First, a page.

Determining movement patterns and habitat use of blue crabs (Callinectes sapidus Rathbun) in a Georgia saltmarsh estuary with the use of ultrasonic telemetry and a geographic information system (GIS)
Wrona, Amanda Bridgette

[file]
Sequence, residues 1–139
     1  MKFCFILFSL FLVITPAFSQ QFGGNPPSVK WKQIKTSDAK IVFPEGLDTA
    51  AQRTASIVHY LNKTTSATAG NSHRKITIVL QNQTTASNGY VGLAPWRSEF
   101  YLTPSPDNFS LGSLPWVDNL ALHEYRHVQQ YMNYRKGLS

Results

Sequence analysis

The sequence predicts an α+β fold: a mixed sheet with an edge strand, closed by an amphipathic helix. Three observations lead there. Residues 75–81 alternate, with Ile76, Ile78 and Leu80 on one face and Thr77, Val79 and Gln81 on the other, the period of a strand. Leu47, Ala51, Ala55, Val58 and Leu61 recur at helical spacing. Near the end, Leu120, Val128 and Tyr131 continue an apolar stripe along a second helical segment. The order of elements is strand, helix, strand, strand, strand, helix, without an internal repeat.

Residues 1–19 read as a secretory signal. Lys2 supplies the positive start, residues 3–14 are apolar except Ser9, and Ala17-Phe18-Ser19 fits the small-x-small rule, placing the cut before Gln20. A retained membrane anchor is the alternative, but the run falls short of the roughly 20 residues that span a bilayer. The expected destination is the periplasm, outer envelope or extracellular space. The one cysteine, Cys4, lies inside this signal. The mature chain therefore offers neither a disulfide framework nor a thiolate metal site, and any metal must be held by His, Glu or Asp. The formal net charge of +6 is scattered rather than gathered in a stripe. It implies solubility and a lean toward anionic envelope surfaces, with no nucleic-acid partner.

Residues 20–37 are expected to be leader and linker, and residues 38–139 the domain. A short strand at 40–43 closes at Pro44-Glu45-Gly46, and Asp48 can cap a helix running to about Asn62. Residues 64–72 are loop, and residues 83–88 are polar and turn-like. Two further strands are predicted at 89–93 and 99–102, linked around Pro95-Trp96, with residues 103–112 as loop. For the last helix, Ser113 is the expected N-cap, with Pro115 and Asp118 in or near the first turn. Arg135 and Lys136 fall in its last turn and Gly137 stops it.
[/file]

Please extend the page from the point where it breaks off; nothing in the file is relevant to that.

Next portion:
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Estuarine habitat in Georgia is under increasing threat of degradation, which can negatively impact ecologically and commercially important species that reside there. Blue crabs (Callinectes sapidus) are the second highest valued fishery in Georgia yet little is known about their essential habitat requirements within either subtidal or intertidal areas. Ultrasonic telemetry was used to track 57 crabs, over 4 years, in the Duplin River estuary, near Sapelo Island, GA in order to assess movement patterns and habitat use. Crabs tagged with ultrasonic transmitters ranged in size from 4 to 13.3 cm CW and varied in sex and ontogenetic stage. Crab locations, substrate type, depth, and molting habitat was organized and analyzed within a geographic information system 2(GIS). Reproductively mature females used the greatest total area 1,052 m on average over 8 days and movement was emigrational at average speeds of 657 m/day out of the estuary into the higher salinity Doboy sound. Male crabs did not, on average, use as 2large an area 108 m on average over 7 days and movement patterns showed a high degree of meander and retention within the system. Movement speeds averaged 82 m/day. Immature female crabs were intermediate with a larger degree of meander than mature females with average movement speeds of 150 m/day, but used less total area 2(157 m on average over 8 days). Crabs were tracked going onto and off of the flooded vegetated marsh surface and found on patches of oyster reefs located along edges of the subtidal zone indicating their habitat use. Crabs tagged with specialized molting transmitters were tracked to their molting habitat, which consisted of the vegetated marsh surface. The use of vegetated marsh edge is very important to crabs and was recoded frequently among all sexes and sixes of crabs. The adjacent marsh, therefore, is an essential part of blue crab habitat, it defines the subtidal creek habitat and provides essential habitat for molting crabs.